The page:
The Doppler Quarterly Fall 2017 - Page 32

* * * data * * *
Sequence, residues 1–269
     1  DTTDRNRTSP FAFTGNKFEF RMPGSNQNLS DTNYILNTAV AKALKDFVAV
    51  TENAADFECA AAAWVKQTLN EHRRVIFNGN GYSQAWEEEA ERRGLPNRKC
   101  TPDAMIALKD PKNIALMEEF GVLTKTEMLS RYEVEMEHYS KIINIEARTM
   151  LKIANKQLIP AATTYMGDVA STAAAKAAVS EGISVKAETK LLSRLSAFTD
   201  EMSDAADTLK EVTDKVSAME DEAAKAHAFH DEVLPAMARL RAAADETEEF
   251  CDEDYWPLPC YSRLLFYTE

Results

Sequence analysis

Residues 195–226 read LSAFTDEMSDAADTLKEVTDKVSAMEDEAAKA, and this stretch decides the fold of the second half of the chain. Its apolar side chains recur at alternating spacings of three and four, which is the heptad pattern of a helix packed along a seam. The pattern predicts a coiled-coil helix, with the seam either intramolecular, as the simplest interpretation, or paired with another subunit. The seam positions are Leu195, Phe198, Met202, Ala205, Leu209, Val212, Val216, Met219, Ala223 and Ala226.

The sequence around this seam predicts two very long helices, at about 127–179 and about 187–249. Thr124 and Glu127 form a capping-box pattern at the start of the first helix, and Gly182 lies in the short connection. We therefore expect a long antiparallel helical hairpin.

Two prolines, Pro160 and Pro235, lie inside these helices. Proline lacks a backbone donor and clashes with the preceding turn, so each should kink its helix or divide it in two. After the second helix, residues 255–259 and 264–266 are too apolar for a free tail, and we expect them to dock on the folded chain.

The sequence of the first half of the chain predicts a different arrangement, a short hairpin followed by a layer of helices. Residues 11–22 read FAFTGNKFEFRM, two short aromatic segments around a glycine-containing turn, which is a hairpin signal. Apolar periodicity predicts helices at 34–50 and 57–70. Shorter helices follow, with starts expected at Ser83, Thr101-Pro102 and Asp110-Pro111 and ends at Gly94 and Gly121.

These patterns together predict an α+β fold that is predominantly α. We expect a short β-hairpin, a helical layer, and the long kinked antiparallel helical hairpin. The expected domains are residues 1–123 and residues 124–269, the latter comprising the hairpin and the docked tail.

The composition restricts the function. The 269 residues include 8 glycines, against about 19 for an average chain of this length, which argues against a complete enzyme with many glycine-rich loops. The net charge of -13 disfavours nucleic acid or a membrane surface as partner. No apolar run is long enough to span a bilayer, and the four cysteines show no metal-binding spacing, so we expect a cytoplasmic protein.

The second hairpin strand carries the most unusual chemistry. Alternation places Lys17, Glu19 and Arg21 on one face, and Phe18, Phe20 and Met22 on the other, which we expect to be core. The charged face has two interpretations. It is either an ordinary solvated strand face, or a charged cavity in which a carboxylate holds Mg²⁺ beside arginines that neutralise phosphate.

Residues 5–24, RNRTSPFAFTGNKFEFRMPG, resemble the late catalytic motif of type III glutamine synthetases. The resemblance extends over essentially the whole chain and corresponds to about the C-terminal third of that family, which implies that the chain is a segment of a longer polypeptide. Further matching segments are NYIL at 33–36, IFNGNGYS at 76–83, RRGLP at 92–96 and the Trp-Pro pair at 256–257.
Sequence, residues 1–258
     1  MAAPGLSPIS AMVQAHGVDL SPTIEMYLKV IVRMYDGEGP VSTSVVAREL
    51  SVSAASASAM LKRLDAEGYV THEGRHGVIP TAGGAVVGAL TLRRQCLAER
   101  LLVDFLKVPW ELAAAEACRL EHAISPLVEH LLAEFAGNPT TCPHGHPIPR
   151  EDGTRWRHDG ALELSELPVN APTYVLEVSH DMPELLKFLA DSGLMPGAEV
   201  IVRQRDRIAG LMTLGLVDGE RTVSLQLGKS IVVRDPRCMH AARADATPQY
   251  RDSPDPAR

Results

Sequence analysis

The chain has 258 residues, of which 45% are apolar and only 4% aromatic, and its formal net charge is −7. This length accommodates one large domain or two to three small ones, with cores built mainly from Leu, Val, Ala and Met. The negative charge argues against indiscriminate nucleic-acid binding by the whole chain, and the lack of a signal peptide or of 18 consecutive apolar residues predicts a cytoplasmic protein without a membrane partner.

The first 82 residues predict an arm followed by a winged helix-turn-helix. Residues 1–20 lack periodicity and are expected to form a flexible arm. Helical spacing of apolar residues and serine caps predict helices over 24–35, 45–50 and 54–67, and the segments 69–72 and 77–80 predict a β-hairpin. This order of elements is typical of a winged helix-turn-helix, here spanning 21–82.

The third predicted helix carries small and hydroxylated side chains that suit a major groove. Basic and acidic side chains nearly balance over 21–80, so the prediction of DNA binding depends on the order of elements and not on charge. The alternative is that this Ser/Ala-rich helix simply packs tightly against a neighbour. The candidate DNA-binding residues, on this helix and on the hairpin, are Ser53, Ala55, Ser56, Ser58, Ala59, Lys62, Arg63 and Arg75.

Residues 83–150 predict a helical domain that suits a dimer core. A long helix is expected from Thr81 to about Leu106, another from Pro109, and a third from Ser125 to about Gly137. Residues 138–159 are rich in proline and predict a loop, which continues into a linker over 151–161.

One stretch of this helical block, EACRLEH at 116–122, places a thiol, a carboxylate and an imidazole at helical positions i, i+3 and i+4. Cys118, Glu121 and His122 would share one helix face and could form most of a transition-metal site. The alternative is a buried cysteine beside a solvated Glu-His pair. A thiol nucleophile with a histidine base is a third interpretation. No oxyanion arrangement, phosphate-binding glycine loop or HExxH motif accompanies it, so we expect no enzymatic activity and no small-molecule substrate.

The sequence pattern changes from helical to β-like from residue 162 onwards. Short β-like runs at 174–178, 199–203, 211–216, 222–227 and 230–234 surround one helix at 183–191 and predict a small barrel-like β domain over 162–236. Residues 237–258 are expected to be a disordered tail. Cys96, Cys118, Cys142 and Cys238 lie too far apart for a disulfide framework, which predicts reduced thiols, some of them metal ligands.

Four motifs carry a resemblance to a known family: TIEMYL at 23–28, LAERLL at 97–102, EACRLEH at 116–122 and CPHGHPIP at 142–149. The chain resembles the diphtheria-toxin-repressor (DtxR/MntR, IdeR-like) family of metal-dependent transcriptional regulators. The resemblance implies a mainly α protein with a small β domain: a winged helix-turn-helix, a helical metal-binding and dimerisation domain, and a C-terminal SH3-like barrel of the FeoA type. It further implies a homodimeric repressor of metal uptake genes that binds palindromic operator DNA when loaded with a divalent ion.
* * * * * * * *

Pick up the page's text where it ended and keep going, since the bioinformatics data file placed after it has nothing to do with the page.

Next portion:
Are Chatbots and Voice Assistants Superfluous? David Linthicum & Chett Rubenstein While it may be convenient to talk to your computer, today chatbots pro- vide little value to many processes, yet they get an inordinate amount of attention from providers. There’s yet another cloud service from AWS: Amazon Lex, which lets developers build conversational inter- faces into applications for voice and text. It uses the same deep learning technologies that power Ama- zon's Alexa voice assistant. Lex lets you quickly build natural language conversa- tional bots, aka chatbots. Microsoft has a similar technology, called the Microsoft Bot Framework. This seems to be a common service that most public cloud providers are looking to offer. Many third par- ties offer chatbot technology as well. But the question is not if we can have a voice conver- sation with our applications—we clearly can—but if we should have a conversation with our applications? 30 | THE DOPPLER | FALL 2017 Natural language processing has been around for some time. But only recently has it gotten practical. Still, it’s not perfect. Most of us have been frustrated with misunderstand- ings as the computer tries to take something as imprecise as your voice and make sense of what you actually mean. Even with the best speech processing, no chatbots are at 100-percent recognition, much less 100-percent comprehension. It seems very inefficient to resort to imprecise sys- tems when we have more precise ones available. Even if they were 100-percent accurate in their recogni- tion and comprehension, why use voice? If things need to talk to each other, let’s use direct digital mechanisms, which are way more accurate than me talking to a machine. One distinct advantage of cloud computing is to auto- mate things that have yet to be automated, in many cases removing people from the system. In other words, let the machines chat at 100-percent accuracy rather than have me talk to a chatbot. The ultimate